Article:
Anthropology and Cryptozoology
Cryptozoology, or the study of purported animals unknown to Western science, has had a long and complicated relationship with the anthropological sciences. Western biology and zoology developed in a context of European colonial expansion. The ethnographic record—the writings of anthropologists working throughout the world—was a crucial source not only of the diversity of global human culture, but of modern ecological and biological science. In the twentieth century, early cryptozoological researchers began to take note of creatures who were “ethno-known,” that is, they appeared in the anthropological record but did not correspond to any living animal known to Western science. Canonical creatures in the cryptozoological literature, including Bigfoot, the dragon of Ishtar Gate, and the south Asian Buru all had their origins in this unwieldy collision between the anthropological record and modern biology.
A close look at the history of cryptozoology and anthropology shows us how modern science superimposed itself over traditional and local knowledge systems. Contemporary anthropologists offer serious critiques of Western science as a total arbiter of all truth-claims, especially when applied to Indigenous worldviews. Where many modern zoologists saw the anthropological record as a resource, many contemporary anthropologists look to the cryptozoological record as a record of traditional ecological knowledge. Is cryptozoology just a pseudoscience? Or do some cryptozoological accounts contain hidden records of traditional ways of relating to the nonhuman world, lifeways rejected by Enlightenment science?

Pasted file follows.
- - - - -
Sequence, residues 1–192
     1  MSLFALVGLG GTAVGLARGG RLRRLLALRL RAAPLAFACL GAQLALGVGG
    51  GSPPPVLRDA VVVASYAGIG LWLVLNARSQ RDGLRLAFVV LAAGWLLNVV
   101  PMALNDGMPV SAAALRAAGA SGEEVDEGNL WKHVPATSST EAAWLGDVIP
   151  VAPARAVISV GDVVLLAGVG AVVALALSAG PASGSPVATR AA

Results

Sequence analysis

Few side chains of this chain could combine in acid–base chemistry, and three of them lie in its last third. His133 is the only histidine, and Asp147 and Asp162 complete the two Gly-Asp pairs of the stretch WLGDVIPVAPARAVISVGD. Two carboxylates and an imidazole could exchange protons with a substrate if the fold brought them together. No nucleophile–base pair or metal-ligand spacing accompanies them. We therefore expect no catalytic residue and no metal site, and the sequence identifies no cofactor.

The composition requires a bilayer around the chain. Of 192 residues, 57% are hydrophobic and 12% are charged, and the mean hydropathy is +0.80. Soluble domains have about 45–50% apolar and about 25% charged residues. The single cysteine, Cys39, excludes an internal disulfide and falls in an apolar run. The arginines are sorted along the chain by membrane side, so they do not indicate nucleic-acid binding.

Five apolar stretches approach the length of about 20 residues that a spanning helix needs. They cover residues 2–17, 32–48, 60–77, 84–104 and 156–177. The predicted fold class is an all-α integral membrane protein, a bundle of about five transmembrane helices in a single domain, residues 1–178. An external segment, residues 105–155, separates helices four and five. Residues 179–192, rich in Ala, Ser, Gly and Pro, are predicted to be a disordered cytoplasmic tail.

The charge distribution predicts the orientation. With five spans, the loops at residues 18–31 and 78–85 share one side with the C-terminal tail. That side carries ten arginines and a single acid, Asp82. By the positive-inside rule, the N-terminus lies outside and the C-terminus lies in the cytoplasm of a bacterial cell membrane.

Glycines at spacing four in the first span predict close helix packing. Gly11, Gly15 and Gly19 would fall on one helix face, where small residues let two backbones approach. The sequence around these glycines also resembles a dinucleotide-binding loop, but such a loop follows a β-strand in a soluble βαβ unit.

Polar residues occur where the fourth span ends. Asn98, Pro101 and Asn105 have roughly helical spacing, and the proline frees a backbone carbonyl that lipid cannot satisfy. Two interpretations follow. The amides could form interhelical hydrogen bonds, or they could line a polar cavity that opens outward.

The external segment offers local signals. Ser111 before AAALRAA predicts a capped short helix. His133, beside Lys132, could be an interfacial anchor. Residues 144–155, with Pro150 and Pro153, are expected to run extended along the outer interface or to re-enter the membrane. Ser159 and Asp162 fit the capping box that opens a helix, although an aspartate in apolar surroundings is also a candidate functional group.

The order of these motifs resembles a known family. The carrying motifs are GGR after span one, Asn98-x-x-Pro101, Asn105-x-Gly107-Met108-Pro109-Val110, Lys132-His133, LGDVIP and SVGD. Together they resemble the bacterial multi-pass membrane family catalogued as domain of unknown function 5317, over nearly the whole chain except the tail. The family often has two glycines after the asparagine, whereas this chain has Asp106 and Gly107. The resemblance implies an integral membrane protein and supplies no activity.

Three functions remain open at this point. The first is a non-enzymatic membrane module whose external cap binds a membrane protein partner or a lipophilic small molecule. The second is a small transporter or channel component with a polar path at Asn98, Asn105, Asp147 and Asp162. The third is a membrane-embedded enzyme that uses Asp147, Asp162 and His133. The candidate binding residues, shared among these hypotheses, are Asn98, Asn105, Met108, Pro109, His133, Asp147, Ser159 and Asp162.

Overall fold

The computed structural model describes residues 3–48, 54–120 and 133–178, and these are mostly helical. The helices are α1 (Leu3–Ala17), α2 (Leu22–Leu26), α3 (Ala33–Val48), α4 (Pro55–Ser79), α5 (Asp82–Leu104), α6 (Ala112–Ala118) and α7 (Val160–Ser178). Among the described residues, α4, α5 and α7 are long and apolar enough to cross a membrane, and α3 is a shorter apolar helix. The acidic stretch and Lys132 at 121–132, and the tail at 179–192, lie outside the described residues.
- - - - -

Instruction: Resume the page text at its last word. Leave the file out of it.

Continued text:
Timothy Grieve-Carlson is an Assistant Professor in the Department of Religion and Philosophy at Westminster College in New Wilmington, Pennsylvania. He earned his doctorate in Religion from Rice University in Houston, Texas, where he worked on the Archives of the Impossible Project with Jeffrey Kripal. Timothy was also a 2021-2022 Fellow at the McNeil Center for Early American Studies at the University of Pennsylvania. His research focuses on the relationship between environmental phenomena and religious practice. His book manuscript, American Aurora: Environment and Apocalypse in Early Pennsylvania, explores environmental knowledge and apocalyptic thought in the early modern mid-Atlantic world.
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